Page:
The cheap, standard clock hung over the drab wallpaper across the room from my bed ticks on.
I hear it.
Day and night.
Though it keeps the same time, no speeding, and no lapsing, the days here feel long and the nights even longer. Especially when sleep is nowhere near, due to treatment side effects.
I found my way into the hospital last Thursday morning with this recent severe flare of illness. I have avoided it like the plague for a couple years now, having many close calls with various chronic issues. My health wasn’t always like this. And I’ve fought it hard. Done most everything within my power and with prayer and wisdom and the help of others. But this time, no matter how much we all did, my body just could’nt keep up.
Surely just a couple of days, Andy and I thought.
Late that first night, my doctor came to explain the IV therapy needed takes an average 3-7 days to reverse the situation, with many folks making the turn around day three. Monday seemed a hopeful day to be discharged.
We didn’t know this process can be quite the up and down, and up again roller coaster. The severe dehydration coupled with very heavy blood loss that had been brewing over time sent my blood pressure to dangerously low levels. With no improvement by Saturday, they warned us an ICU trip would be next if they couldn’t get it up. That was scary to hear! We called on many to pray, and the hospital went to work doing their part.
Two days of hitting it hard finally got me to a consistent, acceptable level today, and kept me out of ICU. But like the steroid treatments that have stolen my sleep, the treatments for the blood pressure set off a whole other issue, severe fluid retention. That created severe chest tightness, pain, and shortness of breath the past couple days. Sending sleep even farther from possibility. Because of the blood pressure issue, they can’t give me anything to reduce the fluid or else I’d fall back to low BP.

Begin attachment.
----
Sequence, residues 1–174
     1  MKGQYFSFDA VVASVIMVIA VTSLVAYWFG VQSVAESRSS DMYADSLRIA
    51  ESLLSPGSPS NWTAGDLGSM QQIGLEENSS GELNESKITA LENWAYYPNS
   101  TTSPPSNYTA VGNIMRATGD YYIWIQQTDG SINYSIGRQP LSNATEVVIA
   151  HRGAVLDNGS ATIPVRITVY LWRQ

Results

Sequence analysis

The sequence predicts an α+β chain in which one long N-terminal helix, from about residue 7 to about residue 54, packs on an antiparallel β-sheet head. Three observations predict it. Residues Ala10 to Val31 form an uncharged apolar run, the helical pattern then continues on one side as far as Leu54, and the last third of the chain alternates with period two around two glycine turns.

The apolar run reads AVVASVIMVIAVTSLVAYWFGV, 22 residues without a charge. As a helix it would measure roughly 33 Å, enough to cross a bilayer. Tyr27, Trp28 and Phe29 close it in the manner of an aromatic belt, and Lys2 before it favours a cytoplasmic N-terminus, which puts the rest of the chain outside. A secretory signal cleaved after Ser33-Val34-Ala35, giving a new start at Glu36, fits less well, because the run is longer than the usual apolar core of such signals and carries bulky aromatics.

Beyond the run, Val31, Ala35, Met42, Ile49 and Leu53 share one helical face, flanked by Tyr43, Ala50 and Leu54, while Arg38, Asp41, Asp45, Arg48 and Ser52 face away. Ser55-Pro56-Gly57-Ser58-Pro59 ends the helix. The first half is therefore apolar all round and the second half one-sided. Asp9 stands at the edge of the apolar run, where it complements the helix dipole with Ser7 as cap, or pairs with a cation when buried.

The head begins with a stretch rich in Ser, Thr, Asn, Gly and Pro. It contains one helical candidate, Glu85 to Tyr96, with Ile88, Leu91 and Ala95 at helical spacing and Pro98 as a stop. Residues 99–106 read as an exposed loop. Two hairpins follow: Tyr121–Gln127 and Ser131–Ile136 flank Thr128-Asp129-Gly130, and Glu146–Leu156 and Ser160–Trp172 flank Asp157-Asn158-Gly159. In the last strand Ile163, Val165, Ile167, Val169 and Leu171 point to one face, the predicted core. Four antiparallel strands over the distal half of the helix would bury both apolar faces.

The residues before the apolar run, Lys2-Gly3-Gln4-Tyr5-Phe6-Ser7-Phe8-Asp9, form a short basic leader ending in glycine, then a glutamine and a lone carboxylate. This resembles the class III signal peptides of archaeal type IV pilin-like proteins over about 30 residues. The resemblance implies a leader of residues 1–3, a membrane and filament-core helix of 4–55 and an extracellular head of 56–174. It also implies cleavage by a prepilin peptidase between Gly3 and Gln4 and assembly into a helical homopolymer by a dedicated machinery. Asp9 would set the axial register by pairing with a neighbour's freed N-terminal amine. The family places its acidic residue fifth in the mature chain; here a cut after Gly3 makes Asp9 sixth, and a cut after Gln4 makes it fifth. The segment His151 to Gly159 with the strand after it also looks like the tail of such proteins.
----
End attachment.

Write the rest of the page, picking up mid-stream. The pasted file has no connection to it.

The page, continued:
Sunday rose with hope.
And little bit of strength as my admitting issue with Ulcerative Colitis was turning a good corner. We still held the possiblity of going home Monday on the brain, too.
When the physician later explained that night I could possibly be here another few days, I cried. Not just any cry though. I cried a whisper of prayer to Jesus to catch my heart. Not the blood-pumping muscle, but the one that holds my core being. The heart that He resides in. The heart that holds within it the wellspring of life (Proverbs 4:23)
Then night came.
On top of little sleep, pain, and struggling for each breath. Other side effects not necessary to explain created new wars within my body that caused me to feel like I’d been in a fight, on top of little sleep. Resulting in a very, very worn out me. My plans to sit in the chair more today quickly turned to a welcomed long nap instead.
Prior to all this, I had been exercising the past few years to weather the storms better. Now, a walk around this tiny, sterile room is tiring. Sitting up in a chair is wearing.